Stamps D knocks Lulay’s Lions off balance
Limiting vaunted B.C. offence to dink and dunk passing key for Calgary
Back home in Montreal as spring faded into summer, when he still looking for work, Anwar Stewart had a lot of free time for leisurely flights of fancy.
“I had about 100 dreams of hoisting that Grey Cup again while I was on the couch,” the rush end confessed. Pause. “Well, not literally on the couch.” A conspiratorial wink. “I was trainin’.
“But honestly, I had these visions and just continued to train and work hard to get that opportunity and when Thanksgiving came around I was able to choose where I wanted to go. And I made the right call.
“We didn’t leave anything out there. The tank’s on E. We just have to fill ’er back up by the time we get on that plane for Toronto on Tuesday.”
If Stewart and that Calgary Stampeder defence proves to be as much of a nightmare for Ricky Ray as it was Sunday for Travis Lulay, those visions might just be more than mere whimsical flights of fancy.
In a place where the Lions have ruled supreme of late, they magnificently stifled Lulay, the league’s reigning Most Outstanding Player, and his enviable arsenal of attack options. And, more to their credit, they accomplished the feat with their starting middle linebacker and acknowledged leader, Juwan Simpson, reduced to spectator status on the sidelines nursing an ankle injury. Deron Mayo filled in admirably.
“It’s over,” said interior defensive lineman Corey Mace. “And we’re happy as s---. Enjoy today and tonight and wake up with Toronto on our mind.
“You could tell (Lulay) seemed a little flustered, a little confused, out there today. We threw a mixed bag at him. Hats off to Rick (Campbell, defensive co-ordinator), the rest of our coaches and my teammates for going out there and executing.”
The Stampeders’ stronghold didn’t surrender a major until 59 seconds remained on the game clock — even then, Lulay and his pals had to work hard, running down the time in their season — and by then the defending champions seemed all out of ideas.
“Sure I’m proud of them. But I’ve been proud of them all year,” said Campbell. “They battle all game long. Some people have called it luck that we win the close ones, but I think you put yourself in position to win those games.
“We didn’t want Lulay running around. He can wreck the game if you let him scramble. He’s done a great job of creating first downs for them when plays aren’t there, with his feet. So that was definitely a point of emphasis.”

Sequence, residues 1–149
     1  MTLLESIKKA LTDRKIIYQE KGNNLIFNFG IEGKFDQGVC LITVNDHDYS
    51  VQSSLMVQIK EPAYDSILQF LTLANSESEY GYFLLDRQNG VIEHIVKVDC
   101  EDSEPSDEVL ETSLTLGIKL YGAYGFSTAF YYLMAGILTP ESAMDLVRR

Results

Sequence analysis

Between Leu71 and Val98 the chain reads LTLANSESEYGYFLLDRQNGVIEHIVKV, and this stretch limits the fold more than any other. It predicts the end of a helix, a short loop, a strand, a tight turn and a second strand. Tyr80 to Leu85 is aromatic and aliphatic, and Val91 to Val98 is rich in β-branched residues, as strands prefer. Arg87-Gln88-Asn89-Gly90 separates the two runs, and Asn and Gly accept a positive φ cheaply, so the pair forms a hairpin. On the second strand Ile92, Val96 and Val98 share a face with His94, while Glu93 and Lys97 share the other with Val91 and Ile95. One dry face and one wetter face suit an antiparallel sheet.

For safety Eric Fraser, a sentinel in the middle of the field, the ability wrap up, to limit, was what kept the tide surging in Calgary’s favour, and the Lions from getting revved up.
“The defence just played awesome. The key was making our tackles. They weren’t catching balls and getting extra yards. I think that was the difference in the game. There was one or two yards after a catch and that was it. There was no explosion plays for them. It’s hard on teams when they have to continue to work their way all the way down the field.
“That was our plan: Make them chip away. They like to throw the ball deep, get some big splash plays. To not let them do it, to make them do it five or 10 yards at a time is tough, not something they’re used to.”
No one characterizes this group more than Stewart, Uncle Stew, the reclamation project who has knitted together the strands into a cohesive whole. His contagious enthusiasm, his resume of success, his appetite for the hunt, has all factored into what the Lions faced Sunday.
“I just thank God for this opportunity,” he said, savouring yet another divisional title win. “How this year has gone for me, from gettin’ cut to gettin’ married. I have a beautiful, pregnant wife that I get to see this week. God’s been so good to me and my family.
“I think I’m going to change my name to Mr. Grey Cup.
“This is my ninth, right now I’m .500, and I’m so excited about it. Not too overwhelmed because we’ve got some unfinished business.
“I came here for a reason. Next Sunday we get the opportunity for everything I dreamed while I was waiting to come to pass.”
Follow George Johnson on Twitter/GeorgejohnsonCH
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